Bubble Gum and Freedom

Jesse Alan Gordon, 1993

I get off the plane and look into my bag one last time before customs, to check that the stuff is properly hidden. I call it 'stuff,' even to myself, to ensure that I don't let slip to anyone what I've got. My main stash of stuff is wrapped in plastic at the bottom of my bag; that's supposed to foil any sniffing dogs. I keep a 'sacrificial stash' on top, a small sample of stuff, which I'll 'sacrifice' in case of trouble, to save the rest of the stuff. I figure that if the customs guys ask me, I can claim in half-truth, "Yes, I have some stuff" and then let them assume that I mean the sacrificial stash, so my main stash will remain uninvestigated. I'm just an amateur, after all, smuggling for the first time, so I don't want to lie outright unless I have to.

I duck into the bathroom before customs, to get dressed. I put on my best jacket and a tie, and carefully tuck my ponytail into my shirt collar. I figure that makes me look like some young businessman, and less like a travel bum who's likely to be smuggling stuff. I wash my face and dust off my knapsack, to further the image, and I check the mirror to make myself look less nervous.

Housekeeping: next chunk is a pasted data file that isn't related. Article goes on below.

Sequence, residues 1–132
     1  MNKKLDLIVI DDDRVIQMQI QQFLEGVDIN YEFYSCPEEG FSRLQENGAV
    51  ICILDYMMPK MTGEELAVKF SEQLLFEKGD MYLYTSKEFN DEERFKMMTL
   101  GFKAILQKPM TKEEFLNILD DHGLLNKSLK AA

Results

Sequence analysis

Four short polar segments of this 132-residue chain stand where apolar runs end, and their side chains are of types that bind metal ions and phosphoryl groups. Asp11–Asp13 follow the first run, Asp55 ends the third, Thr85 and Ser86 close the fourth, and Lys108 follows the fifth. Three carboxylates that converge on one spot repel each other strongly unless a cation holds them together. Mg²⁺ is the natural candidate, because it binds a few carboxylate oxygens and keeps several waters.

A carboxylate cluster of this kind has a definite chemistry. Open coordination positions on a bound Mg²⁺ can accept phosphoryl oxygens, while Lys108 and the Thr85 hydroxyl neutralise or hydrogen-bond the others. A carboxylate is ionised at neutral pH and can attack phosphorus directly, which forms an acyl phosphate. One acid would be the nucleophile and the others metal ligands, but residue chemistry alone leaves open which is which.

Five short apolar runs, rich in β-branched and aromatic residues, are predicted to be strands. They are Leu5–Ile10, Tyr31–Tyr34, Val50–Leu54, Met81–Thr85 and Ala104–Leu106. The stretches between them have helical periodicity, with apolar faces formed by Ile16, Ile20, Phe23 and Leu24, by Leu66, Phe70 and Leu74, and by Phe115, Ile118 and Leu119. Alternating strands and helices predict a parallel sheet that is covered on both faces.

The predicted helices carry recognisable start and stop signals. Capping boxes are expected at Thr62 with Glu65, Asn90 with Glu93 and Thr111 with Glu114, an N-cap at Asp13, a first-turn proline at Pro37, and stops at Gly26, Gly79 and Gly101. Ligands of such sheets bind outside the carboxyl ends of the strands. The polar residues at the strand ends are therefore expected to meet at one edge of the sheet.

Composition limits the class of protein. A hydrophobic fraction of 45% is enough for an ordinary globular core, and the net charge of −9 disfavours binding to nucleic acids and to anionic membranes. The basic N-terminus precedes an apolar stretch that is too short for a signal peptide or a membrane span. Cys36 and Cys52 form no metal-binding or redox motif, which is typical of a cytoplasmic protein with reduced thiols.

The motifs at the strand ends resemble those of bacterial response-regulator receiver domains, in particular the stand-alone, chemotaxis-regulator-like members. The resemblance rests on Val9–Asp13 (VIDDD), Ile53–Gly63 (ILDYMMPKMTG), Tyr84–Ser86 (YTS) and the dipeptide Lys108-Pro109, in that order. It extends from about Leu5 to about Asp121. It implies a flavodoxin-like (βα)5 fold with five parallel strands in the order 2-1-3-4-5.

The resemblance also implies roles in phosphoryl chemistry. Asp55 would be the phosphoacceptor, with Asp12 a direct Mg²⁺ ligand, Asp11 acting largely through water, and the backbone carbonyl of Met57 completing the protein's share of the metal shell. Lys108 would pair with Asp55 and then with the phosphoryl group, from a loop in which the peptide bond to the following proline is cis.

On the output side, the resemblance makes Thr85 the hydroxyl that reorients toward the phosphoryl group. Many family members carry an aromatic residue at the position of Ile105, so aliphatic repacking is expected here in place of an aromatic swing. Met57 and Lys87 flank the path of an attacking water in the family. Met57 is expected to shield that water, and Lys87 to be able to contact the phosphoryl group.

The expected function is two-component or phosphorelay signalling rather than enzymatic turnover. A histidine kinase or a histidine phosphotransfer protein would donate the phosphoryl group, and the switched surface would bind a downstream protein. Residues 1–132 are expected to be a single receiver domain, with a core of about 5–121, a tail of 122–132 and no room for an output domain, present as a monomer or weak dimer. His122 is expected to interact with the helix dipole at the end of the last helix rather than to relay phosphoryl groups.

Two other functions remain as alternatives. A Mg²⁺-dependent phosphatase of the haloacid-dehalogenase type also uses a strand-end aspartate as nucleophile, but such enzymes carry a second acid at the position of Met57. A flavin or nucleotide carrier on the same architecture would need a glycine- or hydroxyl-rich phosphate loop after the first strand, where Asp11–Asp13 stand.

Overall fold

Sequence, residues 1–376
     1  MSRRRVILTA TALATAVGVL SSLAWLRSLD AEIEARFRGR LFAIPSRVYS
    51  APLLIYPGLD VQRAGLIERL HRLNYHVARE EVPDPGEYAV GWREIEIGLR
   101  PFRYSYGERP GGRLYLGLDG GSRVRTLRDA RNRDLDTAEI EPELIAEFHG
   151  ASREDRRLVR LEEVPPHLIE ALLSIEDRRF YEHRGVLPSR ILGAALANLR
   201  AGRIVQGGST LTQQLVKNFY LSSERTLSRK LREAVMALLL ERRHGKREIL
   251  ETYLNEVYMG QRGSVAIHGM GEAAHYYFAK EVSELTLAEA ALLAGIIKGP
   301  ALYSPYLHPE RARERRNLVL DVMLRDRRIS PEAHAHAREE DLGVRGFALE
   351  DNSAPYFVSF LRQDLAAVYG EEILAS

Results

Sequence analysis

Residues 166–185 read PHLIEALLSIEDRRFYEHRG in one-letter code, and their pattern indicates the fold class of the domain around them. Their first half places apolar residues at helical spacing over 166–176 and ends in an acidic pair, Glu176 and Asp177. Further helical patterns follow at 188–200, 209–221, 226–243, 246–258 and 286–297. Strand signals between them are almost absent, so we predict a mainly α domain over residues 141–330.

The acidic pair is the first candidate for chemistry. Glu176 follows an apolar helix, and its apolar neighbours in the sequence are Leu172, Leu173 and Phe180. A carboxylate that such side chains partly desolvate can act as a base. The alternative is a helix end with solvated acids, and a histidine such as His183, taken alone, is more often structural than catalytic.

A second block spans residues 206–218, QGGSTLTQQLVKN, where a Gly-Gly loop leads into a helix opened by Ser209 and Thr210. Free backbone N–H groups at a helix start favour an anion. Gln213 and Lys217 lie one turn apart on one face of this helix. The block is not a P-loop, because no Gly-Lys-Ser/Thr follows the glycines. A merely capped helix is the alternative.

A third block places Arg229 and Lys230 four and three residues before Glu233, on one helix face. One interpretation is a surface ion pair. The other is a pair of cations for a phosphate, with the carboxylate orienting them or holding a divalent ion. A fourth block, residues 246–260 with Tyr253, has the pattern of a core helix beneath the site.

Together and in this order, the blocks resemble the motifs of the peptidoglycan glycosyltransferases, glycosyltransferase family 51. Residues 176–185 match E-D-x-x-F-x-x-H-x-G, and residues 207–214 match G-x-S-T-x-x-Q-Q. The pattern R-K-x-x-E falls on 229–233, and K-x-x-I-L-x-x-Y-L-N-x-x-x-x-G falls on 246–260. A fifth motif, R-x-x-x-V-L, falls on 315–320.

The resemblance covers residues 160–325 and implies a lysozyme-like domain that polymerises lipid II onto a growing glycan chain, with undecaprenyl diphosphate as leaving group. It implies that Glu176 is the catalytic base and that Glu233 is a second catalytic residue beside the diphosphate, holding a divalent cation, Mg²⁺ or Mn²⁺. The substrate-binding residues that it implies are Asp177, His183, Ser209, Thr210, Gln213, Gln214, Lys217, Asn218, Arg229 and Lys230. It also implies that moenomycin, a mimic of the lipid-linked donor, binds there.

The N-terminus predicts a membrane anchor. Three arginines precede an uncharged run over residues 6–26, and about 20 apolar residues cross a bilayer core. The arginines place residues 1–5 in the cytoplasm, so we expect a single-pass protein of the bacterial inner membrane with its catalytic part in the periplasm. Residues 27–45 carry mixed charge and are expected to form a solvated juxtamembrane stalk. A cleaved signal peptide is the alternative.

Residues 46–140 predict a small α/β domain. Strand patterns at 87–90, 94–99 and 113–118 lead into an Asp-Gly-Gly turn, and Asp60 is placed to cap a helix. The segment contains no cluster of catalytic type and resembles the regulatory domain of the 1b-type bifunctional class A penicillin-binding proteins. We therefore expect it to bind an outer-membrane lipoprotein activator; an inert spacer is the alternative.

The fine for first offenders converts to about US$6,000, plus up to 12 months in jail. I hear that the 'personal consumption' excuse can convince the customs officers not to arrest you, but it won't keep you out of jail if they don't believe you. I'm not sure what the personal limit is, but I have enough stuff in my main stash to be well over any reasonable definition. All of the stuff is in my knapsack, because I figure that a checked bag is subject to unlimited inspection, and I'm not there to make excuses if they find anything.

I review my options one last time. I can play innocent if I'm caught: "A friend asked me to carry the stuff for him." I think that's every smuggler's first excuse, and I'm pretty sure your passport gets marked if you use that one. I can play dumb: "Oh, I didn't know it was illegal; it's legal in my country." I figure that's too dumb for someone with a passport as full as mine, so that excuse is only if I get so rattled that I can't think of anything else. I can play civil disobedience: "The law is wrong and I hereby protest it." That one will require at least a few days in jail, of course, but I might use it because then an arrest can be justified on grad school applications. No matter what I plan, I'm going to wing it if I get caught, and I don't want to try anything exotic. I'm just going to keep quiet and hope to not get caught, anyway.